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Personality Profiling/Psychometric Assessment

Hi , 

We are looking to introduce personality profiling/psychometric testing as part of our recruitment process for entry level customer service roles.

Can anybody recommend a simple online test they find effective? 

Thanks in advance, 

Nicola 

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  • Hi Nicola, welcome to the communities. While you wait for some answers from the community you may wish to do a quick search for historic threads as this subject does crop up quite regularly. Also, I just wanted to check that the individual(s) with responsibility for running these tests are at least Level A qualified in psychometric testing? :-)
  • In reply to Clare Marie:

    Hi Nicola and Welcome!

    Think your employers need to be clear about exactly what they're wanting to ascertain with all this - e.g. Is it personality profiling or reasoning ability or problem solving ability or whatever or in what combination?

    Major providers such as Savile and Holdsworth or Thomas International tend to charge major fees, but will advise on which profiling material might fit the bill for the kind(s) of job role you have in mind. Seem to remember too, that at least one of these providers will use the BPS accreditation on your behalf and mark and interpret and feed back the results to applicants directly, thus freeing yourselves of this responsibility.

    But, for entry-level junior / trainee roles, personally I'd be questioning the overall cost - effectiveness of paying for psychometric assessment compared with using other usually readily-available - and 'free' - soures of evidence for selection decisions.
  • Steve Bridger

    | 0 Posts

    Community Manager

    25 Jul, 2017 08:16

    Hi Nicola... you've posted this to the 'Ireland' group, so just checking you are based in the Republic?
  • In reply to David:

    Hi David,

    Thank you for your helpful reply. The purpose of introducing this step would be to generate a personality profile of the candidate. I believe Thomas International offer BPS accreditation but as you addressed, there are other elements to be considered such as overall cost-effectiveness.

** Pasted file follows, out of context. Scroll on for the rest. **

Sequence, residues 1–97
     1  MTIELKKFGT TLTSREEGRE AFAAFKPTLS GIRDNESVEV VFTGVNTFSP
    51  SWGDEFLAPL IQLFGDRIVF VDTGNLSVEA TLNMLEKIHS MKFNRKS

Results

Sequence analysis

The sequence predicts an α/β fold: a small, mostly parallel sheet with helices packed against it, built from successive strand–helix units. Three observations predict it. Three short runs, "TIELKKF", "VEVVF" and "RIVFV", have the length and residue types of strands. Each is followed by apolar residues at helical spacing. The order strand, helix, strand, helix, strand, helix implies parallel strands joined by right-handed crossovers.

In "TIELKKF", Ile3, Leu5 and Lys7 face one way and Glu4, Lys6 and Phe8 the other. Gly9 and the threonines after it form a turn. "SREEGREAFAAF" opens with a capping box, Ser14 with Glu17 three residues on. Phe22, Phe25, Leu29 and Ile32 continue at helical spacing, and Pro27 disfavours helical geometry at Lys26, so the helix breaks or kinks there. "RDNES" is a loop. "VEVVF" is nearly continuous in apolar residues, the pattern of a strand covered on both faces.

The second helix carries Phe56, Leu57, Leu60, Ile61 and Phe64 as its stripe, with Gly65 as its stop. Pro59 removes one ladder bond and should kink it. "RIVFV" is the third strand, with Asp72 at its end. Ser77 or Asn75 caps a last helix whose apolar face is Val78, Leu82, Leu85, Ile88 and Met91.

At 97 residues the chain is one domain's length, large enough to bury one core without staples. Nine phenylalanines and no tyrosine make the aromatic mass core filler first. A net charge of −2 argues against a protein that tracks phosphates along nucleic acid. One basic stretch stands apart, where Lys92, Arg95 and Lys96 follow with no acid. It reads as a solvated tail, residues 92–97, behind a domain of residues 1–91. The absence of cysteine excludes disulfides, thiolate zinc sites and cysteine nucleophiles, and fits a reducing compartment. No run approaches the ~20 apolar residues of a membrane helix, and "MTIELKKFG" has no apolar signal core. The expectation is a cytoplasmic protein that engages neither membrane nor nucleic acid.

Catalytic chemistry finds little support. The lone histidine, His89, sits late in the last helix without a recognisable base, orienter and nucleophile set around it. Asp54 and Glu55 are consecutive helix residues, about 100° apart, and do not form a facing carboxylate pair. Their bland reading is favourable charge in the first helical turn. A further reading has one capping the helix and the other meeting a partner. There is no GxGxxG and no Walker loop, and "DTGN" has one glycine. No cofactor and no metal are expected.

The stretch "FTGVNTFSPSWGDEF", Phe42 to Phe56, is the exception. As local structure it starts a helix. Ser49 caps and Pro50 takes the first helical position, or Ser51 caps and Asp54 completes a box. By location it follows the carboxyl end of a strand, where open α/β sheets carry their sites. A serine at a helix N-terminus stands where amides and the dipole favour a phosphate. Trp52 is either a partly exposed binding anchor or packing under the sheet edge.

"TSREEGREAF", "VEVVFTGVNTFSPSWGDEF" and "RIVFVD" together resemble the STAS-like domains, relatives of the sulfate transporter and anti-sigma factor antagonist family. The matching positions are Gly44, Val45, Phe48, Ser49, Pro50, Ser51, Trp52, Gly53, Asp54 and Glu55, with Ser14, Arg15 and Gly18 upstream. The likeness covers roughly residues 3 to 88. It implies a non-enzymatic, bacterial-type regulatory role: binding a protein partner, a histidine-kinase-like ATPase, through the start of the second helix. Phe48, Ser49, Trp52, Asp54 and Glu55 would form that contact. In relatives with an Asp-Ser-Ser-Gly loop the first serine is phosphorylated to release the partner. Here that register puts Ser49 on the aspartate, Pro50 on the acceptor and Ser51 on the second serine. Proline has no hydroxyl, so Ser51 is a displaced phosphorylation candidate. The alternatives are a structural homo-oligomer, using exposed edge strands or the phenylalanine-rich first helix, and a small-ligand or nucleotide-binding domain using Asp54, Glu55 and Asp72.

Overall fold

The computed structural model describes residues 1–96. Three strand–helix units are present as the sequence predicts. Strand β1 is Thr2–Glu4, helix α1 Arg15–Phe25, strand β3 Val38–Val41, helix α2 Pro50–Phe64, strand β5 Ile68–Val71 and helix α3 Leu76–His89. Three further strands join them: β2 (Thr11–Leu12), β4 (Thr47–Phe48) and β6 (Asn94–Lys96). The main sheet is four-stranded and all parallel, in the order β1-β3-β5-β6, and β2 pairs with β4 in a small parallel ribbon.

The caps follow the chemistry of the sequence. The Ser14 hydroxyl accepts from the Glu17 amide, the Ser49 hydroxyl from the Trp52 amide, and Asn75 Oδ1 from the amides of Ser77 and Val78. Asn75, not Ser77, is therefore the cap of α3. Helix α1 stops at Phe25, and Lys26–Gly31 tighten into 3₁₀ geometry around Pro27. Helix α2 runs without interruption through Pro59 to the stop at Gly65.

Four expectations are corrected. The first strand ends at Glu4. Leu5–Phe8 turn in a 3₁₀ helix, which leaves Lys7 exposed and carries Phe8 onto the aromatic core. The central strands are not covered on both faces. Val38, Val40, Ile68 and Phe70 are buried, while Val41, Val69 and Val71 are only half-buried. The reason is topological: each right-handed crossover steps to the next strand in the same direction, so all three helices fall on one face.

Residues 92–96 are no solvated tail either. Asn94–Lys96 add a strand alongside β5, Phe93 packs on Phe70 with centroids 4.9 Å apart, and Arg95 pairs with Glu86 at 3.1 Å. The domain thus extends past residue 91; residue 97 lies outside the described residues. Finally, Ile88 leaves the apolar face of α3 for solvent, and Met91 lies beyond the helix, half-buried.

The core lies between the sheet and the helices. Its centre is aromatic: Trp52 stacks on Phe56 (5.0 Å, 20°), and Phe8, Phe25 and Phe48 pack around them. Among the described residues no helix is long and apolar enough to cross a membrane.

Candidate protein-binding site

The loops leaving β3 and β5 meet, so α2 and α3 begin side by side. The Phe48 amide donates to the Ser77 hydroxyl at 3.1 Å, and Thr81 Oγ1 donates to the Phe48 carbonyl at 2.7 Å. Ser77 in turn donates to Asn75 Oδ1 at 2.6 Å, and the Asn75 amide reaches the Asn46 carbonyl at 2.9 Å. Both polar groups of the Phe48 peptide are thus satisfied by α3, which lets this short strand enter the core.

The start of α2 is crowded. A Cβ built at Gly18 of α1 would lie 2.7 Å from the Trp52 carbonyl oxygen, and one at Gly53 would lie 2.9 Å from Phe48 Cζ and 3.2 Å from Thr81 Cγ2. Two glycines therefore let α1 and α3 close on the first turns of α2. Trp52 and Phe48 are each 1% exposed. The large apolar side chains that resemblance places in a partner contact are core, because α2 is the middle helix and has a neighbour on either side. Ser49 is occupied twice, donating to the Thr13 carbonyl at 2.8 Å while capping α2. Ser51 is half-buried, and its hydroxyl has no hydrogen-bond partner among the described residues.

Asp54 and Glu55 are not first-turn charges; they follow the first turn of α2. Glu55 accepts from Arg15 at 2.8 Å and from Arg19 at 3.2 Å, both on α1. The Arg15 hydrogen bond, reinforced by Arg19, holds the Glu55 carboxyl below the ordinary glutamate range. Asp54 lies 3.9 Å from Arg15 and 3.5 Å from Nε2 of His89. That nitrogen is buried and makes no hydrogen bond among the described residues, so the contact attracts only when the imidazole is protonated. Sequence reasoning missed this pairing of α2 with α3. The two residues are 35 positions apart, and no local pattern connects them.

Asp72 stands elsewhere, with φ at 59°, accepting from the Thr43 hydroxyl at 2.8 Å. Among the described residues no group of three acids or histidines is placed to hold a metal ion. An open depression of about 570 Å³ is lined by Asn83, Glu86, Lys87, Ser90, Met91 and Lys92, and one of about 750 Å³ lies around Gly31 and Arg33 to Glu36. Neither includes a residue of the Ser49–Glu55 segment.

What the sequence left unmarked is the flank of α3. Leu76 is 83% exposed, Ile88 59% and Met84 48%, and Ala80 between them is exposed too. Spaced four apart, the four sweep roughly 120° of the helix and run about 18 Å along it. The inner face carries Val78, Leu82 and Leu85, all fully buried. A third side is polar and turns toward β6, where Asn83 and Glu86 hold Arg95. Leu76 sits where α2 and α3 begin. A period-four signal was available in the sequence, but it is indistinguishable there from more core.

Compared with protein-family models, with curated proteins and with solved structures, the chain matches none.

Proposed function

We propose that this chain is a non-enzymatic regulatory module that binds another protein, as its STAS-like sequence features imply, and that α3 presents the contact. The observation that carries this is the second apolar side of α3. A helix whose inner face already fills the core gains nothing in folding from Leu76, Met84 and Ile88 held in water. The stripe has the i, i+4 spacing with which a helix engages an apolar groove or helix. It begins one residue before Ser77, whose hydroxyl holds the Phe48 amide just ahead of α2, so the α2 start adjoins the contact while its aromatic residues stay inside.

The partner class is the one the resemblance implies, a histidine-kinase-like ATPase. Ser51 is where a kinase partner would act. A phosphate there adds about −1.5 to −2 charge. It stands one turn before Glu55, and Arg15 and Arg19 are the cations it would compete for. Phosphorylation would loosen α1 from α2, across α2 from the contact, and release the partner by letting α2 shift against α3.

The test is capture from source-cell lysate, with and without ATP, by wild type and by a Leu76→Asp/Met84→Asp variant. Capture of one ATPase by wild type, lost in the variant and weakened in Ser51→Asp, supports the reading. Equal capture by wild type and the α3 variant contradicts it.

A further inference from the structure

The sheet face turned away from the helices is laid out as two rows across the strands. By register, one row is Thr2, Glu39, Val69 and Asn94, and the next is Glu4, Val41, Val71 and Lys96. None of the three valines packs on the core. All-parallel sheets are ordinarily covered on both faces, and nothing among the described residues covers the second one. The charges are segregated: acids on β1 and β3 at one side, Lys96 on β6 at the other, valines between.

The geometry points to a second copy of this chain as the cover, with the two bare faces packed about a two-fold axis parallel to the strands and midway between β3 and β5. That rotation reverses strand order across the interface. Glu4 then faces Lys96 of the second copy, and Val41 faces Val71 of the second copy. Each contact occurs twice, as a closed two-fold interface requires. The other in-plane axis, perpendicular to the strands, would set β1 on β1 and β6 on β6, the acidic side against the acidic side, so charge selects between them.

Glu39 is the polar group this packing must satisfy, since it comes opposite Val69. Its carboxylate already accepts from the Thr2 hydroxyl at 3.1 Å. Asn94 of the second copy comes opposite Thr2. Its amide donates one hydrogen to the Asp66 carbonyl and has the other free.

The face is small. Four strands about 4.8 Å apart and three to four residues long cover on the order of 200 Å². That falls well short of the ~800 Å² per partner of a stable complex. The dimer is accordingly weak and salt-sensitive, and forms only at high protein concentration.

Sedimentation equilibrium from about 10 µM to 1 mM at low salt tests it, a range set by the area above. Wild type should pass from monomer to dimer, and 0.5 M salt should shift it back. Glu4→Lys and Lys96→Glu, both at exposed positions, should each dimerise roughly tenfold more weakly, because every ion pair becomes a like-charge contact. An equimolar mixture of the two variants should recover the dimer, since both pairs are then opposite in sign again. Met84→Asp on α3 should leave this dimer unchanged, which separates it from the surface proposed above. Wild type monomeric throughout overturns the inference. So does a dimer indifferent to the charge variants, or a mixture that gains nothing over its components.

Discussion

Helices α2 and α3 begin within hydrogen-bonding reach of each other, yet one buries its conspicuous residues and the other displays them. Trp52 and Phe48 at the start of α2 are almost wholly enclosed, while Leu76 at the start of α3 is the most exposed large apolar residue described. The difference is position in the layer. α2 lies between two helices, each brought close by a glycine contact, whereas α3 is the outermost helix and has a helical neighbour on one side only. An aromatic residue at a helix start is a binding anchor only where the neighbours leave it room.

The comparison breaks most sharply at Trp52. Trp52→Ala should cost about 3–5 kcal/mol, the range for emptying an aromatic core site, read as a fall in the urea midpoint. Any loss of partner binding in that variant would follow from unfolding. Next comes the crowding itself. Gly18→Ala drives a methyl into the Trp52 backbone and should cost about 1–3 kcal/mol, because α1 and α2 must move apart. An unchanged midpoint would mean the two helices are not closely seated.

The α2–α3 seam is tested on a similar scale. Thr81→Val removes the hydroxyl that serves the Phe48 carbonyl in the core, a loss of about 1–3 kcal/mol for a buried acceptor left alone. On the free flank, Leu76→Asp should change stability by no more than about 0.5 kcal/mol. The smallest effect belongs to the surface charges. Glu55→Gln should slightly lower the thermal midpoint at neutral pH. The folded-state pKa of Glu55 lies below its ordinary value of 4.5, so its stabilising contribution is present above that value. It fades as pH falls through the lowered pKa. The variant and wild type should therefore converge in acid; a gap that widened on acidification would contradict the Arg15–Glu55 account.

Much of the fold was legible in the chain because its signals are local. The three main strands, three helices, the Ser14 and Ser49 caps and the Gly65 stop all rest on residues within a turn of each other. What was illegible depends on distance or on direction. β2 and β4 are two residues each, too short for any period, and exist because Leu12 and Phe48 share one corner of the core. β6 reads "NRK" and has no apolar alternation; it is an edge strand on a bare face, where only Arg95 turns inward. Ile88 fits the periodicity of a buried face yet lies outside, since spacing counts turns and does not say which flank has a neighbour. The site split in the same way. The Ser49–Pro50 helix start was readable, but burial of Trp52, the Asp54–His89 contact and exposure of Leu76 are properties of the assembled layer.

Would you have any recommendation of free sources of assessments you think might be suited to offer a sample or allow us to pilot the introduction of assessments to our recruitment process?
  • In reply to Steve Bridger:

    Hi Steve,
    That's correct, we are based in Cork, Ireland.
  • Hi Nicola, I am based in Kerry now and was in the UK originally. I trained with SHL (Savil and Holdsworth) Level A & B as John stated below, SHL who are now CEB have a full range of testing available. Please check this out www.cebglobal.com/.../practice-tests If you need any further help let me know. I would suggest you need to understand what you want to achieve and then think about the design on the test. Values, Skills, Behaviors or a mixture. Sean.
  • You should start by profiling existing employees to determine which profiles correspond to high performance in these positions otherwise your test results on candidates will be invalid for selection purposes and may, in some cases, infringe regulations on askling questions unrelated to the ability of a candidate to perform the work required (especially psychometric profiling where many questions are about social situations).
  • In reply to DAVID GRIPPER:

    Hi David